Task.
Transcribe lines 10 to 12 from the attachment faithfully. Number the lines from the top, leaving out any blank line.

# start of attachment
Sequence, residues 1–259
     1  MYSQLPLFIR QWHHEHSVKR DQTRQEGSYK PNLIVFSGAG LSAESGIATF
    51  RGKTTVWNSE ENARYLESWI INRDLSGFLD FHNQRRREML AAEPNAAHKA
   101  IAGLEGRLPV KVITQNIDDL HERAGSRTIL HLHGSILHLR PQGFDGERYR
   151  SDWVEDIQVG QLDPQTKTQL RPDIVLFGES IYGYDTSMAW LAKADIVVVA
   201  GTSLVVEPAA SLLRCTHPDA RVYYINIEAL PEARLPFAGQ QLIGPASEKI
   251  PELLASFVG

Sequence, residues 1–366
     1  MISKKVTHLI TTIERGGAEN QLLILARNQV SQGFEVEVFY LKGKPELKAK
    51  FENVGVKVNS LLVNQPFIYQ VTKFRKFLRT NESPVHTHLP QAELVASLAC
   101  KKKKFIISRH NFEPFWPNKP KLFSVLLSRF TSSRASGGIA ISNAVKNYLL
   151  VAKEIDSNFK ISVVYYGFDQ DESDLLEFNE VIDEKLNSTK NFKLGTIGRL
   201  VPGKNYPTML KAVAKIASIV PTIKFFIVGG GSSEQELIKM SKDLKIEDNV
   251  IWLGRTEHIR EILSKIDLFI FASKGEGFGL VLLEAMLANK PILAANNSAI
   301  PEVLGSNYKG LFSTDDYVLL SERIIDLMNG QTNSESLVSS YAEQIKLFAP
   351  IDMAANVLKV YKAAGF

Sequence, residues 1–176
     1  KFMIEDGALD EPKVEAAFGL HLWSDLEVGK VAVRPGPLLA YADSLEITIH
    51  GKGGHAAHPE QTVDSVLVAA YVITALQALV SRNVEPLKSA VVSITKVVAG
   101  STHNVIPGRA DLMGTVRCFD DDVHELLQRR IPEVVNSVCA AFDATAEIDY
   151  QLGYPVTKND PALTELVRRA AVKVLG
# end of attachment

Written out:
    51  FENVGVKVNS LLVNQPFIYQ VTKFRKFLRT NESPVHTHLP QAELVASLAC
   101  KKKKFIISRH NFEPFWPNKP KLFSVLLSRF TSSRASGGIA ISNAVKNYLL
   151  VAKEIDSNFK ISVVYYGFDQ DESDLLEFNE VIDEKLNSTK NFKLGTIGRL